The heathland and mysterious marshes, ponds and forests of the Sologne in the south stretch over 500,000 hectares between the Rivers Loire and Cher.
These favourite royal hunting grounds where traditionally French aristocracy built their chateaux, still produce wild boar, venison, pheasant and mushrooms for the table.
Whole tracts are privately owned but the area is so vast there is still plenty of leisure space for visiting fishermen and wildfowlers and those wishing to explore the wealth of well signposted walking and riding trails.
The quiet riverside and woodland roads are ideal for cycling between little villages of red brick and half-timbered houses and rural chateaux like brick-built Chateau du Moulin near Lassay-sur-Roisne.
The Sologne is a naturalists delight, home to 220 types of bird and 56 species of dragonfly plus a variety of mammals, fish and reptiles. See rare bog plants like the Pentecost orchid along the wooden walkway trail in Neuvy sur Barangeon. Visit the nature reserve at Chambord to see buzzards and wildfowl and watch migratory birds from the hide at Beaumont (open all year).
Find out more about Sologne traditions, fauna and flora at Musee de Sologne in its ‘capital’ Romorantin-Lanthenay. Saint-Viatre has a museum devoted to lakes and ponds (the Sologne has over 3,000) and organises tours of both wild and maintained lakes
The River Loir in north west Loir et Cher flows into the larger, well-known River Loire. Officially recognised as an area of art and history, the (little) Loir contains many echoes of the more famous landscape but the river itself is quieter than the wildly unpredictable Loire.
Fishing is popular and walking and cycling are great ways to explore this lesser known valley of woods and vineyards. Old mills dot the river banks which rise to cliffs of troglodyte caves at Troo and Montoire-sur-le-Loir. The Loir winds through pretty white stone villages like Villiers-sur-le-Loir, la Chartre-sur-le-Loir, and Lavardin with its ruined medieval castle.
Stop for refreshment in Vendome and Couture-sur-Loir where flowers trail from balconies towards the water and you can visit twice weekly markets and hire canoes. Sixteenth century romantic poet Pierre de Ronsard wrote lovingly of the valley.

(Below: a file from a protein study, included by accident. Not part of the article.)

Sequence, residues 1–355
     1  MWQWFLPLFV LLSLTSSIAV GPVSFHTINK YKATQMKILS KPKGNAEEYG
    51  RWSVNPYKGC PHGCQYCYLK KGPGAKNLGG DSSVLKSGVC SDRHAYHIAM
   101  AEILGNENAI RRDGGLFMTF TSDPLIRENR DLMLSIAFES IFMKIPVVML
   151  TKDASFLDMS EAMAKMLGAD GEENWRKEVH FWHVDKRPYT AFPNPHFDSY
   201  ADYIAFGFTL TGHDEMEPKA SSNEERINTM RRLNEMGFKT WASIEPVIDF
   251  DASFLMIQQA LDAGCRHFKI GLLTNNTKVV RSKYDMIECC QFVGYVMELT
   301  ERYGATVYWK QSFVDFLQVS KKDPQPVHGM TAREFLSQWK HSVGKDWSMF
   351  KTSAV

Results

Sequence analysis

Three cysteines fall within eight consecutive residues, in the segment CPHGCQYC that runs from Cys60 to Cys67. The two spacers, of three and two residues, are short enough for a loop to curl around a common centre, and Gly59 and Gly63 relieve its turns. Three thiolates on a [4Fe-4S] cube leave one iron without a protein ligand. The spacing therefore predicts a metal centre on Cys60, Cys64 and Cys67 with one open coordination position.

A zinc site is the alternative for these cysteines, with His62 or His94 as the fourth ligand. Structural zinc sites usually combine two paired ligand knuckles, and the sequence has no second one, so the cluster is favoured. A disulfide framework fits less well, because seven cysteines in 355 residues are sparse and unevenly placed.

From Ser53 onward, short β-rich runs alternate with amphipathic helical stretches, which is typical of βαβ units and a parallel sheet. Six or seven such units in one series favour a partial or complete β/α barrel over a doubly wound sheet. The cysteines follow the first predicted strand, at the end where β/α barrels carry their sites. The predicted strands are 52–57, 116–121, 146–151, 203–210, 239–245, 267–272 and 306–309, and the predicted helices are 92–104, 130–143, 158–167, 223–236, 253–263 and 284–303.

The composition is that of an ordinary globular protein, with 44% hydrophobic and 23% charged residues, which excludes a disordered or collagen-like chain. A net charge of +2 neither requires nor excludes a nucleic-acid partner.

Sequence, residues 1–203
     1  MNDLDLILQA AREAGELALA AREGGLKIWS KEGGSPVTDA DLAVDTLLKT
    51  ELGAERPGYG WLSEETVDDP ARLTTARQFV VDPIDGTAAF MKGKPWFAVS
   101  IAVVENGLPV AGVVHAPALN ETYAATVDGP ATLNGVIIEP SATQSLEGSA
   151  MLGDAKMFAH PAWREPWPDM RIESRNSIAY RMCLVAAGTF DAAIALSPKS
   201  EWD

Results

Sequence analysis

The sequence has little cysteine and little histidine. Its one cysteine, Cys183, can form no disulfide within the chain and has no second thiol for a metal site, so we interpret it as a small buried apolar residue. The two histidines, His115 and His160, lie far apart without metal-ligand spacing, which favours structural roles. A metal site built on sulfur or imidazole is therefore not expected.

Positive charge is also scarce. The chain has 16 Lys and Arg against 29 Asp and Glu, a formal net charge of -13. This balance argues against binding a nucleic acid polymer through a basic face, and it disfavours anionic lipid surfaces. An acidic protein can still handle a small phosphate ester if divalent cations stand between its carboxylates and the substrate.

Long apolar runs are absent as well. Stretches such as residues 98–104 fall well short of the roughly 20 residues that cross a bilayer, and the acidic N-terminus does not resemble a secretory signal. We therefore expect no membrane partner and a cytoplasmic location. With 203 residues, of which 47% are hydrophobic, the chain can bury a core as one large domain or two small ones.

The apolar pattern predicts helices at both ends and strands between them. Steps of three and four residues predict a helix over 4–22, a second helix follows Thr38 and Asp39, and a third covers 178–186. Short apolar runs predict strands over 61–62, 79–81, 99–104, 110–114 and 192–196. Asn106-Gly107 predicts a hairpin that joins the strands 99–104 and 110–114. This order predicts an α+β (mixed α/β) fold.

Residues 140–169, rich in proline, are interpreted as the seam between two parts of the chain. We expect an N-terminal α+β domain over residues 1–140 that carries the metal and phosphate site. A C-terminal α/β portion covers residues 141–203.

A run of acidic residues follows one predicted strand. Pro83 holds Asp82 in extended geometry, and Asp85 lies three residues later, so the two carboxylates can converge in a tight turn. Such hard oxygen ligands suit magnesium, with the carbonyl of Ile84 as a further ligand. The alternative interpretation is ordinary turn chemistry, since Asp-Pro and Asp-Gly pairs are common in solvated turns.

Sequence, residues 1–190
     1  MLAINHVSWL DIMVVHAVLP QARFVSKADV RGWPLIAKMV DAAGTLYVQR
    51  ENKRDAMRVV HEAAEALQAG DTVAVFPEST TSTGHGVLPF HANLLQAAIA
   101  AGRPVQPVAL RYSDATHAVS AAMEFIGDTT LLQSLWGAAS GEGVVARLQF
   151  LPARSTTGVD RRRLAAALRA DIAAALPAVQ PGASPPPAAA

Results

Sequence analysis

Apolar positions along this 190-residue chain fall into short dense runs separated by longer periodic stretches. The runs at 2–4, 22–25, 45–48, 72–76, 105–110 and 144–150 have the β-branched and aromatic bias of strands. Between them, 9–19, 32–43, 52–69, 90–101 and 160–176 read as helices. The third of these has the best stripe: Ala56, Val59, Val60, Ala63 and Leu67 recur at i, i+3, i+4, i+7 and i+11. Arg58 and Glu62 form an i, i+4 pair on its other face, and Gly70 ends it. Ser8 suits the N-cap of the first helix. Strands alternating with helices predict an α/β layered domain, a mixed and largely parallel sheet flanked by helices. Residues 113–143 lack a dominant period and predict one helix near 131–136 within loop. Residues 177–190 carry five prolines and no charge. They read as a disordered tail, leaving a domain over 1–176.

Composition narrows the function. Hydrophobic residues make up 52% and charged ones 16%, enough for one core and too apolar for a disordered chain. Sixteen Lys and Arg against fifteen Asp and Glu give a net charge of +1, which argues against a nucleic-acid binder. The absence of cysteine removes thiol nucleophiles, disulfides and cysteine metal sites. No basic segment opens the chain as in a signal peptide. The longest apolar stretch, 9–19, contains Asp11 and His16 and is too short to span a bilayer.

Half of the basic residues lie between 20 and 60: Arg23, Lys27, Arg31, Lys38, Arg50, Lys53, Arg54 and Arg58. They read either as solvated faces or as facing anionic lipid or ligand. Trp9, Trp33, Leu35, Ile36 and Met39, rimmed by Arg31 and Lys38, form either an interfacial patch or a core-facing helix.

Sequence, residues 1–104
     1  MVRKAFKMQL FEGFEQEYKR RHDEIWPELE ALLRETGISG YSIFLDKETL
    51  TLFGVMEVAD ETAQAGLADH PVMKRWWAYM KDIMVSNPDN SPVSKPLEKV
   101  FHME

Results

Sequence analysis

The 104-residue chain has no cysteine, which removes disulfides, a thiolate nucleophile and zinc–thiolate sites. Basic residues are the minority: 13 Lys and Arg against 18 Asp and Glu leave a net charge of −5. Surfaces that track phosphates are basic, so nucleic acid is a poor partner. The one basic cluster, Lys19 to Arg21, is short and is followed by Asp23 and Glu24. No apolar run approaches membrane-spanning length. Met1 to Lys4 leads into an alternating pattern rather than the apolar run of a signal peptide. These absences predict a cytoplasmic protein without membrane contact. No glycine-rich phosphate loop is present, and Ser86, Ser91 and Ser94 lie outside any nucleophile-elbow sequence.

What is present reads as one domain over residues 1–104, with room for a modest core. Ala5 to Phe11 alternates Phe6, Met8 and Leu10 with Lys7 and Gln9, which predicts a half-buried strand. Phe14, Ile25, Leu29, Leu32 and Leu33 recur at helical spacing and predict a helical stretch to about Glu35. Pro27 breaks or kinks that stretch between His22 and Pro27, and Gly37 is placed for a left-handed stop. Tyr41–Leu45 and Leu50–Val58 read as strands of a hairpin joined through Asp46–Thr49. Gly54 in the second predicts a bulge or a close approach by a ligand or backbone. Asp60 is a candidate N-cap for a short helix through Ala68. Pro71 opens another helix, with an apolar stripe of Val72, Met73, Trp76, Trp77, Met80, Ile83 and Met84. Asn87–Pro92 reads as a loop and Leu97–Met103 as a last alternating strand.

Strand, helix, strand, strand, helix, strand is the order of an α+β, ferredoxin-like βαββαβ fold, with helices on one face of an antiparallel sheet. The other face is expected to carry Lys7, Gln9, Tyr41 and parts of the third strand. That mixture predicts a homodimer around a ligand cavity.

La Possonniere, the manor house in Couture where he was born, is open to the public. Worth a visit for its beautiful rose garden. The chateaux of the (little) Loir are often older than those of the Loire Valley and many are still privately owned and lived in. Villages have attractive churches.
Look for the beautiful frescoes in Lavardin’s Roman church and interesting murals at Saint-Gilles in Montoire. Find flowers and gardens in abundance along the Loir valley, including the remarkable arboretum of Le Parc Botanique de la Fosse near Troo - a collection of thousands of tree species from all over the world.
The River Cher flows gently through Mennetou-sur-Cher and Montrichard in the extreme south of the department below the woodland, marsh and heathland of the Sologne. Away from the more popular tourist routes of the Loire, the valley offers holidaymakers great possibilities to enjoy many water-based leisure activities including sailing and the region’s fine wines and cuisine.
There are opportunities for canoeing and kayaking on the Cher at places like ‘Les Couflons’ Seigy and Saint-Aignan and you can rent a houseboat at Noyers-sur-Cher or take a sight-seeing cruise from Saint-Aignan.
Touraine vineyards along the river centred around Pouille produce fine red and white wines. Taste Coteaux du Cher wines at the Maison du Vin in Saint-Aignan.